# P-values from non-normal distribution

I have a collection (approximately 12,000) correlation values. Our correlation analysis does not allow for negative correlations (we correlate with sinusoidal waves, so instead of a negative correlation, we simply positively correlate with the opposite phase).

This produces a distribution of positive r values. Traditionally we have converted this distribution to z-scores using (in MATLAB):

zVal = sqrt(degreesOfFreedom)/2 * log((1+rVal) ./ (1-rVal));


Where sigma = sqrt(degreesOfFreedom) and z = 1/2 * log((1+rVal) ./ (1-rVal))

I'm pretty sure this is the "correct" calculation, although I am suspicious it is inappropriate because the r values are not normally distributed (fails the KS test, as well). Next, we convert to p-values using:

pVal = 1 - normcdf(abs(zVal), 0, 1); # Assumes normal distribution w. mean = 0, sigma = 1


My question is, will the above calculation give you incorrect p values if your r values are not drawn from a normal distribution? I'm running into some resistance from higher-ups, but I'm pretty sure that this is wrong.

This is what the data looks like: Would I be right to say that 'normcdf' is responsible for the enormous number of highly significant items? Is there a way to directly identify p values from an arbitrary distribution? Due to the incredible skew in the distribution of p values, most multiple-comparison correction procedures produce rather liberal p-thresholds.

• Note that you should only expect the $z$'s to be normally distributed and the p-values to be uniform if you know that your null hypothesis is true. In the data you have, the $z$'s can have any distribution. To check your procedure, you should really simulate data where you know the null hypothesis holds, apply your test, and check that resulting distribution of p-values is uniform.
– paul
May 27, 2013 at 18:46
• Thank you both for your answers. We have determined that the statistics derived from a null (random) distribution is best approximated by a weibull distribution (or similar). We retrieve a more reasonable distribution of p-values by using the cdf of this null weibull distribution.
– jdv
May 29, 2013 at 19:17

It looks like the problem is that your null hypothesis is on the boundary of your parameter space.

You are correct that under $H_0: r = \rho$ and appropriate regularity conditions, the test statistic, $z = \sqrt{df}/2 \left( \log\left(\frac{1+\hat{r}}{1-\hat{r}} \right) - \log\left(\frac{1+\rho}{1-\rho}\right) \right)$ is asymptotically normal. The problem is that among the appropriate regularity conditions is that $\rho$ is in the interior of the set of values that you might estimate for $\hat{r}$, i.e. the parameter space. Usually, the parameter space for a correlation is [-1,1], and testing $H_0: r=0$ is fine. However, it sounds like for your problem, the parameter space is [0,1]. In this case $z$ (with $\rho=0$) cannot have a normal distribution. I would guess your $z$ has $\chi^2$ distribution, but I have not worked it out.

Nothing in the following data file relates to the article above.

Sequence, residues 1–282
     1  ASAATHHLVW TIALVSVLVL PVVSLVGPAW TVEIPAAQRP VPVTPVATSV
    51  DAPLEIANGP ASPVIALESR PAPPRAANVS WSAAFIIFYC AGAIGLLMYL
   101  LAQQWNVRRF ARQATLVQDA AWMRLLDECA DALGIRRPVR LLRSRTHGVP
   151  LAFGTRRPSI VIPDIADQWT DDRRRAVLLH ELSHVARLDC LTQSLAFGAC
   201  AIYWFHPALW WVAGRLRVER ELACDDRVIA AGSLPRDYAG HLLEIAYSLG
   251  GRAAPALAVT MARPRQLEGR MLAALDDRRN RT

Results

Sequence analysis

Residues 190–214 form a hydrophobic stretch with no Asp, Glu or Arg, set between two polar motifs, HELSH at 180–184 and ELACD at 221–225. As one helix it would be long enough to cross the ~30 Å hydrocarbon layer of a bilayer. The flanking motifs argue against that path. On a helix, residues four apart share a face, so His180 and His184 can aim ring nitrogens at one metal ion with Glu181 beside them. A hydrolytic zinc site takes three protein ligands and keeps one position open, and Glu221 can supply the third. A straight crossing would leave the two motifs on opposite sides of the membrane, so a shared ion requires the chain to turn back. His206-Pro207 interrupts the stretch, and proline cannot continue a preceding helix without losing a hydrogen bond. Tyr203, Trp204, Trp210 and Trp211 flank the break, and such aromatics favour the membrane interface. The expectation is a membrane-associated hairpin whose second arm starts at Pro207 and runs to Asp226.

• OK, so since this isn't a normal distribution, I should try using the CDF of some other distribution (I'll look at chi square), not the normal distribution? Is there some way to estimate the distribution of each data-set and use the "customized" cdf for each to calculate the p-values, or should I just find one distribution that is good enough to approximate all data-sets? Thanks!
– jdv
May 27, 2013 at 18:08
• Yes, there is likely some other asymptotic distribution. To figure out what it is, I would need to know more about your data and procedure. This is likely due to my ignorance, but I'm not sure what "we correlate with sinusoidal waves, so instead of a negative correlation, we simply positively correlate with the opposite phase" means.
– paul
May 27, 2013 at 18:38
• In terms of estimating the distribution of each data set, yes, something like that is possible. It is likely that subsampling is valid for your problem. It is less likely that the bootstrap (or at least the usual non parametric bootstrap) is valid for your problem. See Andrews (2000) for a similar example.
– paul
May 27, 2013 at 18:41

This is intended to complement the nice answer from Paul, not contradict it.

The simplest theory for estimating correlation (indeed anything) is to postulate that there is one unknown constant value, and each sample provides an estimate of that.

There seems a kind of hint in your posting that correlation might vary any way. If that's true the usual kind of target is itself a distribution, and the right kind of treatment will vary too.

Regardless of that, the crucial thing is not so much how many correlations you have (although 12000 is good) but on what sample size each is based. As Paul did flag, the standard results are asymptotic, and the folklore seems to be that that's not to be understated: convergence is not fast.